Compliance with the Standard = Compliance with the Code
IBC Chapter 35 contains numerous referenced standards (codes) that are used to regulate construction materials and methods of construction. Compliance with the referenced standard is necessary to accomplish compliance with the code.
Let’s say that you are doing concrete special inspections on a project. What version or edition of the concrete code (ACI 318) do you use? Do you use the latest (and newest) version of the concrete code or does the IBC code offer some guidance as to the particular concrete code on which to base the special inspections? Finally, can the Registered Design Professional (RDP) select any version of the code that he desires? All of these questions are good ones and the answers related to which is the appropriate reference standard (or code) are not exactly clear but are often vague, hazy, indeterminate, nebulous, ambig…oh you get the picture, PICK YOUR OWN SYNONYM!
A good starting place is the IBC Building Code, Chapter 17, “Special Inspections and Tests” which is comprised of 29 pages and sets minimum quality standards for the acceptance of materials used in building construction. Section 1701.1 of Chapter 17 states the scope of the chapter; “the provisions of this chapter shall govern the quality, workmanship and requirements for materials covered. The materials of construction and tests shall conform to the applicable (referenced) standards listed in this code.” Chapter 17 mandates special inspections for almost all of the various materials that are used to construct the building including the soils beneath the building and the chapter uses numerous IBC tables to provide guidance for the RDP, the contractor, the building official and the special inspector. A lot of the testing and inspection tasks are actually spelled out within the confines of Chapter 17; however, the majority of the tests and special inspections required by the IBC Code will be defined and stipulated by the designation of the appropriate “referenced standard” cited within Chapter 17. These “referenced standards” may, simply, be one single ASTM standard for testing concrete masonry units (ASTM C 90 – Masonry Units) or the “referenced standard” may be the entire 500+ page “Structural Concrete Building Code” (ACI 318).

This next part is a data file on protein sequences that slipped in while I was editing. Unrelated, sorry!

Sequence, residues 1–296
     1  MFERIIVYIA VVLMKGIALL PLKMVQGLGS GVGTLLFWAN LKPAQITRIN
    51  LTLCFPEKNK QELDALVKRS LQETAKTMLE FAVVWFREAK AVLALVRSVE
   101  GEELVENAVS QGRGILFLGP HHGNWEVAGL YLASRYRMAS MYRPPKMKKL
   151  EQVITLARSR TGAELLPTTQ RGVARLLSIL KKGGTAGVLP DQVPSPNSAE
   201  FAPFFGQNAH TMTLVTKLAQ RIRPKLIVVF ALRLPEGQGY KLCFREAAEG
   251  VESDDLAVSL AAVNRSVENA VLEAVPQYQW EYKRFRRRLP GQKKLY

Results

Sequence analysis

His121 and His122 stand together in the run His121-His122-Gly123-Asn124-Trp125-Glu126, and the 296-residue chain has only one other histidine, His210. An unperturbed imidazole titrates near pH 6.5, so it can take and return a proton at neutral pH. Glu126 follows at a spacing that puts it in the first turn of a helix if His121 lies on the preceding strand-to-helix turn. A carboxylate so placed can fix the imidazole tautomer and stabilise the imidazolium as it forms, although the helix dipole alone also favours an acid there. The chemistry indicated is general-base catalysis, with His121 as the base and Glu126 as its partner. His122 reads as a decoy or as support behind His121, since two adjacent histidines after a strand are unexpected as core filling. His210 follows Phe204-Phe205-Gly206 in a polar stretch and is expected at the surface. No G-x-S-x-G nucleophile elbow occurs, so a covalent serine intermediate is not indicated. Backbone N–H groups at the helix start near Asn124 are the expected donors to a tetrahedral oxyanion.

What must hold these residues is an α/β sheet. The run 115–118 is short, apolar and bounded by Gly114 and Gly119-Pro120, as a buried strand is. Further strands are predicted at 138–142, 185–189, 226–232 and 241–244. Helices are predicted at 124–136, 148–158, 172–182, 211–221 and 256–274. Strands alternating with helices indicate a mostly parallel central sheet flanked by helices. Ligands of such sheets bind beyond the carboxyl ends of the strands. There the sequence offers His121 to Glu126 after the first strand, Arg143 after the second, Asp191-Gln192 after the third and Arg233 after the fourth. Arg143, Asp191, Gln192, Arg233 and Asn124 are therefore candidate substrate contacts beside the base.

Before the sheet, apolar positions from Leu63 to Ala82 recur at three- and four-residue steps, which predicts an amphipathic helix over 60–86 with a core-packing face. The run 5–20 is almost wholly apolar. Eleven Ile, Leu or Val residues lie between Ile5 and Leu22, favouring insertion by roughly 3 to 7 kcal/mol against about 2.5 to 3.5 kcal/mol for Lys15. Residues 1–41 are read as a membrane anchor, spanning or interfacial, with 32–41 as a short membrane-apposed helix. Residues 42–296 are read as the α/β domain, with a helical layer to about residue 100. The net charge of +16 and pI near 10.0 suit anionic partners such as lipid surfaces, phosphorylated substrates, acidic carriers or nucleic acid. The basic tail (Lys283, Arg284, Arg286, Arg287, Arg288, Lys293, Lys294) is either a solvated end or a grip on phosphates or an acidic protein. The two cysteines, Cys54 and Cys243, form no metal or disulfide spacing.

As mentioned earlier, the 29 pages that comprise IBC Chapter 17 do, at times, specify real tests and inspections within the chapter but it would be impossible for Chapter 17 to specify and direct 100% of all of the special inspections and tests required by the IBC code on all types of project work. The major portion of required special inspections and tests are mandated by the IBC “referenced standards” and these “referenced standards” is where the special inspector must learn to live and work in order to be aware of all the special inspection tasks that must be done. The “referenced standards” are located in Chapter 35 of the IBC code book and there are hundreds upon hundreds of “referenced standards” listed in Chapter 35. When a “referenced standard” is incorporated into the IBC code and listed in Chapter 35, the “referenced standard” becomes an enforceable part of the IBC code in its entirety.